The words jerk out of my throat the same way Mum’s pulling my arm out of the socket as she drags me across the sand.
But she doesn’t hear me. Neither does Dad. They’re too busy arguing and juggling bags, my bucket and spade, the umbrella, esky and towels up the beach. Too caught up in their adult stuff to notice me.
How you could not see it?
I swear I only turned away for a second.
You were watching the girls out in the water who were topless. Don’t deny it.
There’s a silence that makes me uncomfortable – hurts more than the hot sand.
How the hell can I trust you if you can’t even keep an eye on your own daughter? For five minutes? That’s all I was gone. FIVE MINUTES!
I got distracted.
You saw the chicks with their tits out, miles away in the surf, but missed the guy flashing his dick right in front of our daughter. You’re un-be-lieveable.
Then it’s quiet again. The sand squeaks as we stumble towards the car park. Behind is the crash of the Too-Big-For-Me Waves, the babble of Happy Families having fun on the beach. Back there, not up here where the sand bites.
My feet are burning and my arm feels like it’s stretched too far. I want someone to pick me up, but there’s no room for me in either of their arms.
This isn’t going to work.
I said I’m sorry.
Dad’s voice is sort of angry – sort of sad.
I left my sandals behind. They’re my favourite.
Shush, Lilianna – please. Sorry’s not good enough this time Craig. You promised you’d behave like a responsible adult. You’re a father. A grown up. And you still can’t act like either.
YOU’RE NOT LISTENIN’. Mum. Dad. STOP! My sandals.
Dad was standing beside me as I sat in the sand digging and filling up my bucket, safe in The Shallows from the Big Waves. I was happy. We were all at the beach. Actually all here together. Mum in her yellow bikini looking beautiful. Dad in his crazy orange boardshorts.
I was watching the way the sand twinkled sometimes in the sun. The magic way the water filled up where I had dug.
Then Mum swooped down, half-picking me up, screaming at Dad, half-dragging me from The Shallows, up to our umbrella. She shoved all our stuff into bags, not worrying about shaking out the sand.
I don’t want to go home. But she wasn’t listening. In a rush like the other Mums the day the storm came, only she stopped to shake the sand out then.
It’s something I’ve done. It’s my fault they’re arguing again. I want to say sorry – but my sandals.
I cry. It’s too hot for my feet. The car park bites worse than the sand. I don’t blubber softly like I should. I wail. I’m loud. People walking a dog stare.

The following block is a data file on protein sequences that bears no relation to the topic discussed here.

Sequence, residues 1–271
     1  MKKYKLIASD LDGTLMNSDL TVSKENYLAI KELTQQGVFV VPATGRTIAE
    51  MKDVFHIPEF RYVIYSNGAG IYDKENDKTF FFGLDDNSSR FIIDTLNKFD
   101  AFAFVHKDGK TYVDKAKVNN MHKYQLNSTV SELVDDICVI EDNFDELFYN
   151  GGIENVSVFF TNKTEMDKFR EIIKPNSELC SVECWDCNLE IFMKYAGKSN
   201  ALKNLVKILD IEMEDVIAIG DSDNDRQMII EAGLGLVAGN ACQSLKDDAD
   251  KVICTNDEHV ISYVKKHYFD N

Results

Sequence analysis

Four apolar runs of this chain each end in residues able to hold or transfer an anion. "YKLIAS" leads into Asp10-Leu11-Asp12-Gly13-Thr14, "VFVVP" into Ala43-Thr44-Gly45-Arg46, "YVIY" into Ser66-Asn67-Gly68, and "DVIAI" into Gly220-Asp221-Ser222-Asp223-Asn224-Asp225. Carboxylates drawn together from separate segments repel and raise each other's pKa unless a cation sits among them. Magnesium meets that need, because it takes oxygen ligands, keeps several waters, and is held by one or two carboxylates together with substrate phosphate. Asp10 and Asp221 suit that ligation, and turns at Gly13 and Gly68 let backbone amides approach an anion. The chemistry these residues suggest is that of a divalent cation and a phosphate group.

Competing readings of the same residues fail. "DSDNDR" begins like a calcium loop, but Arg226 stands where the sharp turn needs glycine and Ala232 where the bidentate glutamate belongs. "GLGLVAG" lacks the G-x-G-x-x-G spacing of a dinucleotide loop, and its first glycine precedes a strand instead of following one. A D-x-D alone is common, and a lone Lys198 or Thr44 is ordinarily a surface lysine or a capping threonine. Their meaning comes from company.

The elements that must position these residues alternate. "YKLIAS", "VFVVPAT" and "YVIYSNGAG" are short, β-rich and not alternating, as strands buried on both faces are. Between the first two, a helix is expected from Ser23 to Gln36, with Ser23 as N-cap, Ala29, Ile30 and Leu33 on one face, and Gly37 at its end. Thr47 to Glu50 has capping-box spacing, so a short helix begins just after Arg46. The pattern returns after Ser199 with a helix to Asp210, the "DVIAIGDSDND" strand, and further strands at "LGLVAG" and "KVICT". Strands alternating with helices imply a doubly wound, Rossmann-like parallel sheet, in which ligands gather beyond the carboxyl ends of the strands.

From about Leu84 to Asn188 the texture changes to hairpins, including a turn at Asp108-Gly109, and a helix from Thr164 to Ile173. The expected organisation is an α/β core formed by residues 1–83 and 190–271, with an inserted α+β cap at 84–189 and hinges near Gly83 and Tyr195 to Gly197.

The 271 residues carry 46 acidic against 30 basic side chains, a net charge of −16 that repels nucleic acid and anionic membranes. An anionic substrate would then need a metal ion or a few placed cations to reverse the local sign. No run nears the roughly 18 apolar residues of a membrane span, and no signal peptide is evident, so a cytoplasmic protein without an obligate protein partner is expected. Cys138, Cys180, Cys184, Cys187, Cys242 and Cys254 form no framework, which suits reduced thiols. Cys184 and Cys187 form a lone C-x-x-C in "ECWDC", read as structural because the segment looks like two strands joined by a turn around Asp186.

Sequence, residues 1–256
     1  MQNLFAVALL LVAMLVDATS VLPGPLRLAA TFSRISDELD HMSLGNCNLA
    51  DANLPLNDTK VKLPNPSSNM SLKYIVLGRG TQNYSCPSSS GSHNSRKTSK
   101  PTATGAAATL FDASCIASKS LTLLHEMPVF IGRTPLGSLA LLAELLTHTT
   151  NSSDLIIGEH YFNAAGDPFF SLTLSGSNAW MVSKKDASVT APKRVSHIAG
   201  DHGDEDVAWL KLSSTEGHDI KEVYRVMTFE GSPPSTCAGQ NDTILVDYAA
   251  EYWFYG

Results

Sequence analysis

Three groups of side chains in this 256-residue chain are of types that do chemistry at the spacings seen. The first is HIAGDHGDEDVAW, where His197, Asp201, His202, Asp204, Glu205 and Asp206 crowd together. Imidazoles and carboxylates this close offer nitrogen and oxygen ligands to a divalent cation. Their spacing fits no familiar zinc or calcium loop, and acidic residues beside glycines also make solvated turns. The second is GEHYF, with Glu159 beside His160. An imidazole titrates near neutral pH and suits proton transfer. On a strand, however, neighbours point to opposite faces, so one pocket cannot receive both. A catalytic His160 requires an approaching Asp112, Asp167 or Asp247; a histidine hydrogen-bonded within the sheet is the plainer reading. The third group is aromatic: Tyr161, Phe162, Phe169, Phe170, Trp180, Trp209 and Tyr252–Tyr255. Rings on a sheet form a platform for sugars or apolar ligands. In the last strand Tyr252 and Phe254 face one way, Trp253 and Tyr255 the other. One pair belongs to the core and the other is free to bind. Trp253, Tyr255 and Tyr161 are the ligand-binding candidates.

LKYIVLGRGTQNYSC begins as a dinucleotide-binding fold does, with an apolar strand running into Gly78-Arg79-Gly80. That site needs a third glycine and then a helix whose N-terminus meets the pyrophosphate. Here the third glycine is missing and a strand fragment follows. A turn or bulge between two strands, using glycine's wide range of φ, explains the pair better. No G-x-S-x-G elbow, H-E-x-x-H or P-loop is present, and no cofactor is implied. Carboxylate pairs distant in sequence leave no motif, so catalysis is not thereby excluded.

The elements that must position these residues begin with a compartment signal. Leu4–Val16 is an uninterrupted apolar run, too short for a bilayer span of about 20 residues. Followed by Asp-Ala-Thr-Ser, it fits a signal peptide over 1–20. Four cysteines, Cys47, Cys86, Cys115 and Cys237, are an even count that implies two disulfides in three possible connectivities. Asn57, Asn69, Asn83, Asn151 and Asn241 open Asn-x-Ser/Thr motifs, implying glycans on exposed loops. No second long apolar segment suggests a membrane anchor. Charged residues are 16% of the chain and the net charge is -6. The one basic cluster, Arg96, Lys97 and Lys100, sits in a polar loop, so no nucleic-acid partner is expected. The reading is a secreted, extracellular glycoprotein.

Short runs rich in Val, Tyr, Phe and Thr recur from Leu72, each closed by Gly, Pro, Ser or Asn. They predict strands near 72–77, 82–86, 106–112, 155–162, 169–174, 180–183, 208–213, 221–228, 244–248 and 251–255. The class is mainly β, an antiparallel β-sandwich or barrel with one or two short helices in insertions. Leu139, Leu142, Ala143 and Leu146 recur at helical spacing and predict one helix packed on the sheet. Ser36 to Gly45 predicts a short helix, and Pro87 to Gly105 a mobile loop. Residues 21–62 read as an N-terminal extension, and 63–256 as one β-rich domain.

Not NOW Lili-an-nah.
The boot is up and I’m sobbing, hopping from foot to foot.
For Christ sakes Vicki – where are Lilianna’s sandals? Here baby.
He tosses the umbrella in the boot and picks me up. Hugs me. I’m sandy and so is he. The little hairs on his chest tickle. My bikini’s up my bum and my feet still burn, dangling above the fire in the ground.
Do your feet hurt, baby?
I nod – tears wet on my hot cheeks.
Like .. eggs .. in .. the .. frypan. I’m hiccuping between each word.
I’m sorry, I wasn’t listening. He looks like he’s sorry – not like when Mum says she’s sorry.
My sandals – my favourites. They’ve got daisies on them. That’s what they are, aren’t they Mum? The white flowers with the yellow bits in the middle of them. Nanna gave them to me when you went away last time Dad.
There’s something strange in Mum’s voice – something I can’t pick. Her face which was bunched up looks less knotted.
Is that what you’re crying about Lilianna?
I nod and the car park is quiet until a loud car drives past.
I sound just like Mum. She looks at me with her serious face on.
You’re crying because we forgot your sandals?
My feet were burning and you were just ignoring me.
She sighs and looks confused, then after a while begins to laugh. I want to be angry with her because it is not funny that my feet hurt, but tiny fairies fly out of her mouth when she laughs. I wish she would be happy more and angry less.
Dad starts to laugh too and we’re all laughing. Mum gives us both a hug.
I say it and smile. I don’t feel uncomfortable any more. My face tingles from smiling and my feet ache a bit as Mum slides me into the back seat. She does up my seatbelt and we wait in the hot car, with the engine running and the air conditioner on, waiting for Dad to come back.
I think about tits and dicks – wondering what I missed. I’m not sure what they are but they sound like ‘bum’ and I know I get in trouble for giggling and singing songs about bums, so I don’t ask about tits and dicks. I just want everyone to stay happy.
I say thank you as Dad puts my sandals on and he winks at me. I giggle. And Mum lets him kiss her on the cheek.
As we drive home I sing loudly to Snow Patrol and no one tells me to be quiet. Dad has his hand on Mum’s leg and I see fairies peeking out of her smile when she turns to look at him at a red light. I swing my feet back and forth, careful not to kick the seat in front. My favourite sandals, the ones with the white daisies on them, dance in the space Mum and Dad never see.This story was originally written on February 8th, 2009 as an entry written for Write Anything’s Picture This #10. and at the time was read by two people! Since then it’s been revised and given a new coat of pain. It was rejected for the Miscellaneous Voices first anthology of online work in January this year. Any critical comment is welcome. I hope a few more people get to enjoy it.